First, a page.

reporting Eagle syndrome is reported to be 40 +/- 4.72 mm. Eagle‘s definition is that the normal styloid process measures between 2.5-3cms in length. An elongated styloid process occurs in about 4% of the general population. Only small percentages (between 4-10.3%) of these patients are symptomatic. So, the true incidence is about 0.16%, with a female-to-male predominance of 3:1. The length of the styloid process has also been studied by Wang et al, Basekim et al,. Savranlar et al,  and Jung et al, from radiographs or three-dimension computed tomography. Data on the osteometric values of the styloid process are scanty. Thot et al reported that the length of the left side styloid ranged from 0.7 to 1.6 cm, and on the right side, from 0.8 to 2.4 cm. The average lengths for the left and right styloids were 1.52 cm and 1.59 cm, respectively, in Indian subjects . Jung et al suggested that the styloid process should be considered to be elongated, when its length exceeds 45 mm . Keur et al stated that, if the length of the process or the mineralised part of ligaments which appeared in radiography was 30 mm or more, this could be considered an elongated styloid process . Thot et al stressed that length in isolation is not a risk factor, but that its combination with increased acuity in deviation from the norm, both anteriorly and medially, makes the elongated styloid process the sole cause of Eagle‘s syndrome  . The styloid process, stylohyoid ligament and lesser horn of the hyoid bone are derived from Reichert‘s cartilage, which arises from the second branchial arch. According to other authors, the cause for ESP was as follows: Eagle (1937-1948), it was post surgical trauma with reactive hyperplasia . Lentini (1975), it was due to persistence of the mesenchymal elements (Reichert cartilage residues) of styloid process  . . Epifanio (1962), due to endocrine disorders in women at menopause, accompanied by the ossification of ligaments elsewhere (eg, iliolumbar, thyrohyoid) . Gokce C et al , due to ectopic calcification (EC), especially in patients with abnormal calcium (Ca), phosphorus (P), and vitamin D metabolism (as in end-stage renal disease)  . The cause of elongation of the styloid process has not been fully elucidated. Several theories have been proposed by Steinmann  . 1. Congenital elongation of the process due to persistence of a cartilaginous anlage in the stylohyale. 2. Calcification of the stylohyoid ligament giving the appearance of an elongated styloid process. 3. Growth of osseous tissue at the insertion of the stylohyoid ligament. The third theory is based on histological evidence of metaplastic changes to the subperiosteal cells in the vicinity of the ligaments insertion. Regardless of the pathophysiology of elongation, the result is a rigid, abnormally long structure that can cause pain or discomfort by one or several mechanisms. An elongated styloid process or ossified stylohyoid ligament is not symptomatic in all cases. Only 4-8% cases are accompanied with symptoms . Those vary from dysphagia, foreign body sensation, throat pain, ipsilateral otalgia, facial pain, pain radiating to maxillary and orbital region, headache, neck pain during rotation, pain during tongue extension, facial and carotid pain. It should be differentiated from other causes which mimic these symptoms like cervical spondolysis, cervical osteophytes , and anomolous fourth part of vertebral artery  The first who described a case of stylohyoid ligament ossification seems to be Manchetti of Padua back of 1652 . Diagnosis can be done by bimanual palpation of tonsillar fossa, which exacerbates the pain and relieved by local anaesthetics (normal styloid process is not normally palpable). It is further confirmed by panoramic radiography studies and CT. Treatment includes appropriate choice of therapy for symptomatic cases and depends on pain intensity or dysphagia and it can be conservative or invasive. These include antiinflammatory and corticosteroid drugs. If the Symptomatology persists then surgical treatment could be helpful by excision of elongated styloid process.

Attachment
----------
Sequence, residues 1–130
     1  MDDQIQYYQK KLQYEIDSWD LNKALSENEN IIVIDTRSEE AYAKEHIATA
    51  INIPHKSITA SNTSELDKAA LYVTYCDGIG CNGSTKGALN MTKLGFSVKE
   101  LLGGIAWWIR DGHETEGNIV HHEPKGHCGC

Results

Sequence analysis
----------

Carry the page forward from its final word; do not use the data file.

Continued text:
In this case, the length of styloid process of 5.4cms is clinically important and would have caused eagle‘s syndrome. The cause of such elongation would be calcification of stylohyoid chain and the osseous protuberance at proximal1/3rd of the base might represent the site of unification between the apex of process and the ossified section of stylohyoid ligament. This article reviews the clinical importance of ESP and was reported for consistent terminology in anatomy and anthropology.